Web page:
That Time George Lucas Got Stuck in the Shark from Jaws

by
That Time George Lucas Got Stuck in the Shark from Jaws

That Time George Lucas Got Stuck in the Shark from Jaws

Jaws is easily one of the most iconic thrillers of all time. When the movie was released in the summer of 1975, it quickly became a huge hit. Jaws was especially terrifying because it preyed on a fear that most people can relate to. The thought of being attacked by a shark while trying to enjoy a day at the beach is enough to scare just about anybody. In reality, however, the infamous shark in Jaws wasn’t really a shark at all. It was actually a mechanical replica made mostly of fiberglass. While this made for a very realistic on-screen depiction, it also led to some challenges behind the scenes. One of those challenges resulted in George Lucas getting a little closer to the shark than he probably would’ve liked. Keep reading to learn more about how George Lucas got stuck in the shark from Jaws.

The Story of the Shark in Jaws

Making a movie like Jaws was a very big undertaking, especially during the 70s when there were no such thing as CGI. Initially, the production team hoped to be able to train an actual great white shark for the role, but they quickly realized that that probably wasn’t the best idea. Instead, they decided to make three realistic-looking shark replicas. The sharks were named Bruce after Steve Spielberg’s lawyer, Bruce Ramer. All three sharks were designed by well-known art director Joe Alves and the models took more than three dozen people to build. At the time, the special effects used in Jaws were considered cutting edge. Many people who saw the movie in theaters were very impressed with how real it looked. Unfortunately, however, most would agree that the movie no longer has that same realistic effect. Interestingly enough, the movie was really filmed in the ocean even though no real sharks were used. This made Jaws the first major movie to be filmed at sea. Although the end result came out great, shooting on the water created several complications.

Here’s How George Ended Up In The Shark’s Mouth

Overall, the decision to use mechanical sharks was a smart move. At the end of the day, however, anything mechanical is going to have some issues. According to an article from Cinema Blend, George Lucas learned this first hand when he took a trip to the set to visit Steven Spielberg. Since Lucas is really into tech and gadgets, he knew that he wanted to get an up-close look at the shark. Little did he know, Spielberg and the rest of the crew had something in store for him. As the article stated, “Lucas found himself at the center of a prank when Spielberg and John Milius made the jaw clamp shut on poor Lucas’ head. Nevertheless, in the midst of these shenanigans, the shark once again malfunctioned and Lucas got stuck inside the shark. Thankfully, the filmmakers were able to get him out.” Needless to say, that’s one set visit that George Lucas will probably never forget.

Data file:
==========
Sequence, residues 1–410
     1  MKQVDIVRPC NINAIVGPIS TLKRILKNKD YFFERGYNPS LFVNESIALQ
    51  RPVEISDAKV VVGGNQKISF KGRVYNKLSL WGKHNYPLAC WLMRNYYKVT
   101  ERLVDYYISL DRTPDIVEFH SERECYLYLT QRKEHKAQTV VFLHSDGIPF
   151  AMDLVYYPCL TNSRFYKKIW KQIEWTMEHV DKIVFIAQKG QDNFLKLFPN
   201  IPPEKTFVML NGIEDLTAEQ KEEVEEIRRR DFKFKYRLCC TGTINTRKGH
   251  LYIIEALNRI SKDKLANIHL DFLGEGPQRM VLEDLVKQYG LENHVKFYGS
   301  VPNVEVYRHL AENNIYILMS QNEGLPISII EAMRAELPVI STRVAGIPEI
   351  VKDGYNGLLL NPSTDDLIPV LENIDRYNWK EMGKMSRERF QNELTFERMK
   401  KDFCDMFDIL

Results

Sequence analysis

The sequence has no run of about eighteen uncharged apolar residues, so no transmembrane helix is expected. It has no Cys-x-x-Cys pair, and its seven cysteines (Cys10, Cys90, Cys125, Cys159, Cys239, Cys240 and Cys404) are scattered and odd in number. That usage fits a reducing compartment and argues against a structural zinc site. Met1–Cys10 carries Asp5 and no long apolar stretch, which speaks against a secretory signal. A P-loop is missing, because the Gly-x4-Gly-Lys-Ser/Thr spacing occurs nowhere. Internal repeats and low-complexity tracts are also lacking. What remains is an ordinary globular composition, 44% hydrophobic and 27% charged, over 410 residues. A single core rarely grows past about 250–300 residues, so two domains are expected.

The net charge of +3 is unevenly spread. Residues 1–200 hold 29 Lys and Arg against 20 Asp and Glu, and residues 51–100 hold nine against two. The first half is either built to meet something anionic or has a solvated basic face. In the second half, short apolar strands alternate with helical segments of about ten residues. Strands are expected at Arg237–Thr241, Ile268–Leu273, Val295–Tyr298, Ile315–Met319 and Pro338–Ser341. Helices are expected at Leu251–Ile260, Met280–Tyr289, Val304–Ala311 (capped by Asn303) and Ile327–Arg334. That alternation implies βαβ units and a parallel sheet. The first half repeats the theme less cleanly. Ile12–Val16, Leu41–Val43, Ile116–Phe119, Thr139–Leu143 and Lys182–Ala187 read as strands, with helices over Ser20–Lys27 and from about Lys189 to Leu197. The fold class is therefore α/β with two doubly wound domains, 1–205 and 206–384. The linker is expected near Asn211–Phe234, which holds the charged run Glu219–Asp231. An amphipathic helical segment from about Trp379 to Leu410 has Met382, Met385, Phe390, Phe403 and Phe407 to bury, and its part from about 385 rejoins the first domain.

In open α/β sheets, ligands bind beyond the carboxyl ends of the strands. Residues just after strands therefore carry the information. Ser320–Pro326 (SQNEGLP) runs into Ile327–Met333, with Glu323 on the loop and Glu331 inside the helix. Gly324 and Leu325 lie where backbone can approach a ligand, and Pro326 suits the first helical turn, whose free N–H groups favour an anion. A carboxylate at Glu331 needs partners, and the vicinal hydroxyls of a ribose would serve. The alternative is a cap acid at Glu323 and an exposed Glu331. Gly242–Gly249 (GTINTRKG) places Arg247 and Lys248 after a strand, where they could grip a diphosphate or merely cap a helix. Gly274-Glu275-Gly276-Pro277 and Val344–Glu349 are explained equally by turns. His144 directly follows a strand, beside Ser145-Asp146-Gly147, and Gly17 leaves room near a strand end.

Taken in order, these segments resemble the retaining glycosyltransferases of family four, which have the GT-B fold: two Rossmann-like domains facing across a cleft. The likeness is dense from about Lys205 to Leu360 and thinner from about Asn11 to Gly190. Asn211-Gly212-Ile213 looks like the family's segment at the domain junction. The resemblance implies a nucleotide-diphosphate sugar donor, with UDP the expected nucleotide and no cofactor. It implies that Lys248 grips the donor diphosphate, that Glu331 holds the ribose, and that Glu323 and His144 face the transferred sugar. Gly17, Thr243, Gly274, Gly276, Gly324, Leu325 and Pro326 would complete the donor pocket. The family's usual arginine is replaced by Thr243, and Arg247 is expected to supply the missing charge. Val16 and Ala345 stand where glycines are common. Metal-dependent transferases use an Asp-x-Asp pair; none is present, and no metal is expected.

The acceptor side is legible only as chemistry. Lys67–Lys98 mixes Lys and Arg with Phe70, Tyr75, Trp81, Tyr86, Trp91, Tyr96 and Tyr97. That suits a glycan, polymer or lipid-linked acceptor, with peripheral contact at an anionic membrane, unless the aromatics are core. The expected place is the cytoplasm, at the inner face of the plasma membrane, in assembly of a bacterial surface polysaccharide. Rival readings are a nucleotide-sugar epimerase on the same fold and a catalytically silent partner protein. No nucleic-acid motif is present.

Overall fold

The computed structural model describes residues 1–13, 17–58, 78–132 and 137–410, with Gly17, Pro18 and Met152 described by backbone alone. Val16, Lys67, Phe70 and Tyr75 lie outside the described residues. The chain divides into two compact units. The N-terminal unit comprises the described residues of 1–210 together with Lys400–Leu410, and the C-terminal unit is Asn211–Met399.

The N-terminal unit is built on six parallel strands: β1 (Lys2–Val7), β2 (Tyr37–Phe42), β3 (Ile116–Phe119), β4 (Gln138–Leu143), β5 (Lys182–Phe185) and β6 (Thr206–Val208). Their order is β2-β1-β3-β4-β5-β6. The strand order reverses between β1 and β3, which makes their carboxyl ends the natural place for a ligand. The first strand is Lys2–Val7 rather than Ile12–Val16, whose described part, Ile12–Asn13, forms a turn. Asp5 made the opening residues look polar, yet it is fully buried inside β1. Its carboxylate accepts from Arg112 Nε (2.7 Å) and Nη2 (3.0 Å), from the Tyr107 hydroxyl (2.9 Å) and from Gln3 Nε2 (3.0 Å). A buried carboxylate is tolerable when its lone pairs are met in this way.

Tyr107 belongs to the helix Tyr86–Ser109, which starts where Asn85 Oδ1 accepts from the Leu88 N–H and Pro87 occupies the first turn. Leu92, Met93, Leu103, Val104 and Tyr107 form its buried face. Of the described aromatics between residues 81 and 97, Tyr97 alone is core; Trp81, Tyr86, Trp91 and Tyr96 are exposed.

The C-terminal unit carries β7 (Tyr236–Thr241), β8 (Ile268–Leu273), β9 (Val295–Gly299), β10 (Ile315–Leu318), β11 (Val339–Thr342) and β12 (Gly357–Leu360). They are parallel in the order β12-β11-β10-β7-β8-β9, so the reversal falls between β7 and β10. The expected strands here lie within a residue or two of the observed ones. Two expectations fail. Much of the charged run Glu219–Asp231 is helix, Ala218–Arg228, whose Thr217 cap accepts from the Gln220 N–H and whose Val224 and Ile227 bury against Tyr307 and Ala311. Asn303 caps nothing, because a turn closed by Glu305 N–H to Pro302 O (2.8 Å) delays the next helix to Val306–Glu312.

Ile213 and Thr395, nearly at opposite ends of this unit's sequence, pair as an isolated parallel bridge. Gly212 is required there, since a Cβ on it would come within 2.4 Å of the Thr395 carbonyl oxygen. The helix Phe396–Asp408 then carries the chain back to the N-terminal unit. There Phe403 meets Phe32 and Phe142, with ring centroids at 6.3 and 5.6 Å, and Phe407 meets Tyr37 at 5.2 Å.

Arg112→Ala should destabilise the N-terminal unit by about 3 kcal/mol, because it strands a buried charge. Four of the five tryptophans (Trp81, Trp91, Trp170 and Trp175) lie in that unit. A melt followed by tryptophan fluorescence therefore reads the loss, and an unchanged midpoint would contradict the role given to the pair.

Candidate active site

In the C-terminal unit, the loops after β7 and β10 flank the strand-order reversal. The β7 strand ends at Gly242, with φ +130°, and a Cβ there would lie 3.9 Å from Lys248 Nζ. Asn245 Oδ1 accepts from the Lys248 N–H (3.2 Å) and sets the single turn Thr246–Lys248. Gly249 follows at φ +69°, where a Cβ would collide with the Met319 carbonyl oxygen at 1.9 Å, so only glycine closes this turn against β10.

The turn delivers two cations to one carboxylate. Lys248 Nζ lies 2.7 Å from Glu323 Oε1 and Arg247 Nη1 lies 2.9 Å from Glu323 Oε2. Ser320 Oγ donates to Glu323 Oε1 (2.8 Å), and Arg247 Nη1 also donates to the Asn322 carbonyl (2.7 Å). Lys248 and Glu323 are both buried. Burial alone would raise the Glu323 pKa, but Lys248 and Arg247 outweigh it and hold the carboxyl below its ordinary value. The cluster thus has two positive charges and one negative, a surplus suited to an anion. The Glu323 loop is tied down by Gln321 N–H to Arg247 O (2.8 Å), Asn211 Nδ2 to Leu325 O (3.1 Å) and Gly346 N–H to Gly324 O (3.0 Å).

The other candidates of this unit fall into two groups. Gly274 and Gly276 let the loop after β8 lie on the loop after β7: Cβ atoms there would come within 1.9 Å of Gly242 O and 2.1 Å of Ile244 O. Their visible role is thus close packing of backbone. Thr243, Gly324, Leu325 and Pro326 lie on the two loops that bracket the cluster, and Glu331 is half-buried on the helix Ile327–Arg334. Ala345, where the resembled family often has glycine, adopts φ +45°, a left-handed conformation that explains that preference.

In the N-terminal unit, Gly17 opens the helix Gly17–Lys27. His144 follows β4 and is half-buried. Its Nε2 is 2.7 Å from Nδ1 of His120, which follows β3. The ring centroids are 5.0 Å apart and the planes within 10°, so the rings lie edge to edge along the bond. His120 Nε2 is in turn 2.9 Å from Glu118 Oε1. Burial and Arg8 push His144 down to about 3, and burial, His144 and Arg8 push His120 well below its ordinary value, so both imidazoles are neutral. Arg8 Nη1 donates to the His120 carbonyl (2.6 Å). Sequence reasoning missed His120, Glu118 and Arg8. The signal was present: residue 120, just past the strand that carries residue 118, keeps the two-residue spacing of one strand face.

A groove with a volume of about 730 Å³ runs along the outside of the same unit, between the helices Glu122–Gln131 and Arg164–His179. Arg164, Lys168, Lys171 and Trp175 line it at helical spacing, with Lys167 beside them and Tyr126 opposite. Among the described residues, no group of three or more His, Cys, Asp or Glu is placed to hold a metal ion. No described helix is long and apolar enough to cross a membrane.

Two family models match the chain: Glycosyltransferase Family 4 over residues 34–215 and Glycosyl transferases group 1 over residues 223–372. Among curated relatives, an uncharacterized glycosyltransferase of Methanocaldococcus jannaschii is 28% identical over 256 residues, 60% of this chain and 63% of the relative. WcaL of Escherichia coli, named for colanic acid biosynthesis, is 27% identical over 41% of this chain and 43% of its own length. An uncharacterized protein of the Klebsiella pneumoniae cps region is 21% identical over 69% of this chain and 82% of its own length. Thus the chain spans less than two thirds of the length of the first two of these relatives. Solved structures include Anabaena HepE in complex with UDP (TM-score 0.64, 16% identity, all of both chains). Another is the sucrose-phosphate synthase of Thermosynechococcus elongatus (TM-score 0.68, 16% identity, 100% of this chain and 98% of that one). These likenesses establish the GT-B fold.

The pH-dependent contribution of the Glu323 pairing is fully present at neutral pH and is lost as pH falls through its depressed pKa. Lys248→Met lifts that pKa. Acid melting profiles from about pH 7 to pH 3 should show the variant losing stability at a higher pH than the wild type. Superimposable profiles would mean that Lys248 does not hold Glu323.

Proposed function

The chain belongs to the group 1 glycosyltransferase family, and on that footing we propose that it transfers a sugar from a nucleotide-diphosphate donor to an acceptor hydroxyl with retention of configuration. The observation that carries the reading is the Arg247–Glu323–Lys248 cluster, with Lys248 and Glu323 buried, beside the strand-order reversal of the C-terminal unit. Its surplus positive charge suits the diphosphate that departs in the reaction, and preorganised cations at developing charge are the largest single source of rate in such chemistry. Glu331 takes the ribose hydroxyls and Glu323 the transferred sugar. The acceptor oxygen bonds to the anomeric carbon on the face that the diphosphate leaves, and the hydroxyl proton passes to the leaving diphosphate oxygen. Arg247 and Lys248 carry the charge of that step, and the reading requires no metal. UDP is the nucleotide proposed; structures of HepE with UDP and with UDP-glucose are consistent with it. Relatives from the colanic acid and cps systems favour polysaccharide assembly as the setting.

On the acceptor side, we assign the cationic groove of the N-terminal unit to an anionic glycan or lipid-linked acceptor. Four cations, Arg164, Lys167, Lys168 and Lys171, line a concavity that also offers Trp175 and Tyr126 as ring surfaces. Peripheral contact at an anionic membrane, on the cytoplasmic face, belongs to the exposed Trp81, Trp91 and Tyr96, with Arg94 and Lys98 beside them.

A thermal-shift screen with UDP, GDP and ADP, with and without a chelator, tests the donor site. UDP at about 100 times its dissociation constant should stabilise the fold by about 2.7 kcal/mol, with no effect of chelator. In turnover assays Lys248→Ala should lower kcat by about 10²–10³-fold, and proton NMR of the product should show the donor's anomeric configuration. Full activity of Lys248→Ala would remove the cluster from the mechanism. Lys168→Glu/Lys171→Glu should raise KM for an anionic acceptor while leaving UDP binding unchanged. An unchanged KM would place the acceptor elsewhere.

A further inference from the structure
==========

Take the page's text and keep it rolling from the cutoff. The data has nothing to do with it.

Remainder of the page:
Where Are The Sharks From Jaws Now?

Although this may be hard for some people to believe, it’s been well over 30 years since the last movie in the Jaws franchise was released. Sadly, only one of the three shark replicas still exists. He has had a very interesting journey since his days as a movie star. At one point in time, Bruce spent 15 years hanging in Universal Studios. Over time, however, Bruce started to deteriorate and it was clear that he needed a bit of a makeover. Eventually, Bruce was donated to the Academy Museum of Motion Pictures where he was restored by special effects artist Greg Nicotero. Nicotero, who cites Jaws as one of the things that inspired him to get into special effects, went to work to bring Bruce back to his original glory. In an article for NPR, Nicotero said, “…we peeled all that [paint] off. But then there were a billion little stress fractures in the whole thing. So we had to Dremel all the stress fractures out and then patch everything. It was a mess.” Using old photos and mock-ups, Nicotero was able to completely repair the huge shark. Nicotero described the experience as a labor of love. Thanks to his work, people can now enjoy Bruce for generations to come. Bruce now proudly hangs in the Academy Museum in Los Angeles. On top of that, Bruce has his very own Facebook fan page with more than 11,000 followers. Unfortunately, however, the page hasn’t had any activity since 2017.Jaws

Start a Discussion

Main Heading Goes Here
Sub Heading Goes Here
No, thank you. I do not want.
100% secure your website.